Have you ever wondered how yogis transition from one position to the next, just using their toes? Sarah took some time to show us how:
Learning the basics with correct form is essential for creating the foundation of your practice. Too much too soon or repeating postures with incorrect alignment can cause injury over time and set you back in your practice further down the line.
It can feel like a lot to think about when you’re supposed to be thinking about your breath, with your teacher listing:
‘Tuck your tail, rotate your arms, the majority of the weight in your hands should be in your finger tips, feel your air bubble, where’s your drishti?’.
Over time this checklist becomes shorter as muscle memory takes over and the flow becomes your meditation.
That being said, as we progress we all face little niggles in our practice. Even the most seasoned teacher has something they’re working on and this challenge is why yoga should be celebrated – there’s always something to build on throughout your yoga journey.
Re-visiting your foundational asanas can be a lovely way to reset your practice and breaking things down step by step can make the world of difference to your practice.
As usual, please don’t try this without notifying your yoga teacher of injury or pregnancy.
Whilst filming, we got to ask Sarah some questions…
Given you have such an advanced practice it’s hard to imagine there is anything left for you to be working on?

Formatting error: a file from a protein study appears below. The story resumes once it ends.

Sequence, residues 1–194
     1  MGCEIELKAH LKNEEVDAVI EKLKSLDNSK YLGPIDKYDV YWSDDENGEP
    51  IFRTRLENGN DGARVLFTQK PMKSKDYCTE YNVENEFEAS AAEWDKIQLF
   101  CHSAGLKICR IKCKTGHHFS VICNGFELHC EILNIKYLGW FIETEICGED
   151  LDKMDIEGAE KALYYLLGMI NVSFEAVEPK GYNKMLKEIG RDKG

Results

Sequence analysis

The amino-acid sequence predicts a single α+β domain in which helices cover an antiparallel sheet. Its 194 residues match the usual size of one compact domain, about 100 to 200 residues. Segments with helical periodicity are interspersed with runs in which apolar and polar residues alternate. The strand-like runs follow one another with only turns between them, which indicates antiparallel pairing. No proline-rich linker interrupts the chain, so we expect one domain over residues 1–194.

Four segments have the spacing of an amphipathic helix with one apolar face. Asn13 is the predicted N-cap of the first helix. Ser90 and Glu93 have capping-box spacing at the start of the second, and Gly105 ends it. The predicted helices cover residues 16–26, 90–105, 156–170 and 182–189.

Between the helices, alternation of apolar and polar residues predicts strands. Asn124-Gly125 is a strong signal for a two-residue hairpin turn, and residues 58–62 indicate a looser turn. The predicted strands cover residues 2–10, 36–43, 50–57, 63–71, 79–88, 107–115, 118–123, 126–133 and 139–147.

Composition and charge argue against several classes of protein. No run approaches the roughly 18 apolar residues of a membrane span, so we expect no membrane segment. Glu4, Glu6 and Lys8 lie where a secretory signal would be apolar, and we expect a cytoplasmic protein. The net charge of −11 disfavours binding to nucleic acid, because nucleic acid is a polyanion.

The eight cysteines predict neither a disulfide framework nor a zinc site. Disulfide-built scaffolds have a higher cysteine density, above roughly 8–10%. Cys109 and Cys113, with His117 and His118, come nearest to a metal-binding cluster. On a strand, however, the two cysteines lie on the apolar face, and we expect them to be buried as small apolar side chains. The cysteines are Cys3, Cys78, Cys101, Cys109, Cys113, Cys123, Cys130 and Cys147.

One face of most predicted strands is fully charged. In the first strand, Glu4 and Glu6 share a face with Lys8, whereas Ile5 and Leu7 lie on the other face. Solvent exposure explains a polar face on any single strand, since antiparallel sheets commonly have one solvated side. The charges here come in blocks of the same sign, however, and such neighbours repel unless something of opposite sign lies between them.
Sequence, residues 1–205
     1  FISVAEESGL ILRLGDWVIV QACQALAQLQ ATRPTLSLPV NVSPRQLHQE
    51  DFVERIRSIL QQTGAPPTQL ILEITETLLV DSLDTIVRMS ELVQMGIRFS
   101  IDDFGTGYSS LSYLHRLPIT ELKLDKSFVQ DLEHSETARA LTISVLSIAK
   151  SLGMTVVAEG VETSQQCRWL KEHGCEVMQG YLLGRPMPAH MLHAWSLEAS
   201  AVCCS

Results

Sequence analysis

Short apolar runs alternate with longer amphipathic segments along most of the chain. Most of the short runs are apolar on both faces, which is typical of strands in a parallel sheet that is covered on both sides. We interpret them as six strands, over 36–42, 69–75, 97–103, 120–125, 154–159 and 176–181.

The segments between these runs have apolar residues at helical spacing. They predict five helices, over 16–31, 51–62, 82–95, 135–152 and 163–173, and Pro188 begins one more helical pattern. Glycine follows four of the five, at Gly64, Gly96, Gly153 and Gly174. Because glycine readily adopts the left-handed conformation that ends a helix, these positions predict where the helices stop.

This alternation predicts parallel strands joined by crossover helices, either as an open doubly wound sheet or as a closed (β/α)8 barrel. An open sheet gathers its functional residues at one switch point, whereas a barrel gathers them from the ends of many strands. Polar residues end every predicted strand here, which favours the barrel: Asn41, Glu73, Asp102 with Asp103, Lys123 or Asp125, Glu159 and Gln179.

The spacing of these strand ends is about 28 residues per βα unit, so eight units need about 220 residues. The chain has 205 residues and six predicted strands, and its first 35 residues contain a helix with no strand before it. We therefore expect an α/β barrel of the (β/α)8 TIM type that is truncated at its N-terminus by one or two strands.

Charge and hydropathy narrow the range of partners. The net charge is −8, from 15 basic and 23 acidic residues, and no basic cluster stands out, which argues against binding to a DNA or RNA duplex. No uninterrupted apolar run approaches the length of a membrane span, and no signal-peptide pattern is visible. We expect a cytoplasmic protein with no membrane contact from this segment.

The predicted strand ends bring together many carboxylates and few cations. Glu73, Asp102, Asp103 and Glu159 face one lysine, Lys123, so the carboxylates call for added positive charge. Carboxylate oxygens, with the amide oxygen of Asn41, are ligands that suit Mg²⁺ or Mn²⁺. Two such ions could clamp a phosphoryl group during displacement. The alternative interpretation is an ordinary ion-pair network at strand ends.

I’m always building on something, my teachers have given me four new postures to work on, so my practice is always developing.
It must be challenging not having a teacher in a more senior position than you in the Mysore room for adjustments etc?
I think with regards to an advanced practice, it’s important to work through your practice by yourself. Otherwise the pressure might be too much on a day to day basis. I can then go back to them with the progress I’ve made in due course for feedback etc. But for a beginner or those practicing/ studying the primary and intermediate series, it’s important to have your teacher see your development regularly.
I hear your husband practices yoga, Do you give him free tuition?
No, no, yoga is a big part of our lives, he has practiced for 12 years but it’s not something that meshes us together. Believe it or not, we rarely discuss it.